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8. How did you come to choose your current career path or were you led to it?

I chose technology as I had done some work experience and grew to realise how much it was possible to change things for the better with technology. Much later I fell into data by accident. Someone asked me to help them manage a team for a short while. The short while became a few months, and in turn that has become an exciting and amazing career! 

9. What are the biggest changes in the world of work (for women) that you are excited about?

The increasing amount of flexibility that companies now offer excites me. The working world used to be very rigid, with very strict start and finish times. This made it hard to build in hobbies or think about having a family. Now the world has changed. I can manage my hours around my life. This means I work hard and I also can manage my time to spend time with my boys, travel, and volunteer for charities. For women wanting a career and one day wanting to also be a mother, or even pursue an interest outside of work, the changes mean that both are infinitely possible. Additionally, the world has really woken up to the fact that we need to do more to encourage a balance of men and women across all careers. This means that there is a huge amount of opportunity for a female wanting a career.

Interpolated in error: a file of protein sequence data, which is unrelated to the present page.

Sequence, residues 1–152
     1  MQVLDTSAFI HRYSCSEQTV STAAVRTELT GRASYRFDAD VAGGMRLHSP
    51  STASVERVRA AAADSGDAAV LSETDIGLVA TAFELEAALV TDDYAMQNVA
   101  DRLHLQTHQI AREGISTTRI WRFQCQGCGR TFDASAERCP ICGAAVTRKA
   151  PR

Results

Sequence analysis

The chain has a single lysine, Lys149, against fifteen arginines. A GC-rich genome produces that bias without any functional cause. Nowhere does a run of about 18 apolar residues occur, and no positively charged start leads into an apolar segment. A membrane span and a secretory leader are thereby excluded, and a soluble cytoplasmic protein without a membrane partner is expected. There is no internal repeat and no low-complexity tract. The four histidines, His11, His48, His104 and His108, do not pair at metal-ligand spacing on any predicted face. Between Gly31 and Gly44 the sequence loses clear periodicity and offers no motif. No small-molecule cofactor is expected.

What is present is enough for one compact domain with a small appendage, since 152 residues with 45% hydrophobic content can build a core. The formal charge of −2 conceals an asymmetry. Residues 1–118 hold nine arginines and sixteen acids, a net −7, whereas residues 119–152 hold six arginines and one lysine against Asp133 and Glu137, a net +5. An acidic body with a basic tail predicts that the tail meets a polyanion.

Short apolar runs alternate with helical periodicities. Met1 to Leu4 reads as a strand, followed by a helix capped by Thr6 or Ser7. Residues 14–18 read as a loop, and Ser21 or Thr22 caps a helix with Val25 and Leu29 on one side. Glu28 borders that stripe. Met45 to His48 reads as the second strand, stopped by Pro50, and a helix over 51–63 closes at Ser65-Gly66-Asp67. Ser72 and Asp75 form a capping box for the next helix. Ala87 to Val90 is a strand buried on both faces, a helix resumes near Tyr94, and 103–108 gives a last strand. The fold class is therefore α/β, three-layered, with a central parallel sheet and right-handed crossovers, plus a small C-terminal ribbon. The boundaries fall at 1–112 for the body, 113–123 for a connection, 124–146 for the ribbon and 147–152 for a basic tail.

10. Would you say having a degree is the only path to a successful career? Would you say there are opportunities for women entrepreneurs in your career?

There is a whole mix of routes that people have joined the teams I work in – apprenticeships, degrees, work experience, change of careers partway through their working lives. Additionally, I know so many women building fascinating careers as entrepreneurs. Once you have a skillset some people may prefer to work in a company, and others may prefer to work for themselves. As long as you have the drive and the passion, the opportunities are endless! 

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11. What advice would you give your younger self and school leavers today?

My advice would be to be nosey. Explore the different subjects and jobs that are out there and see what takes your fancy. Don’t be afraid to ask to meet people, or shadow them in their jobs and get an idea for what is out there. Role models are important. However, often they don’t realise they are role models. So, you might need to take a deep breath and have the courage to tap them on the shoulder and find out more.  

Additionally, don’t limit yourself. You are capable of anything you want to be. If I could go back and talk to my younger self who was worried she would never be any good at maths, she would never believe she was capable of being the Chief Data Officer of a large company. It takes time to find yourself, and everyone matures at different rates. You are not defined by who you were at school, it means very little when you get out into the real world.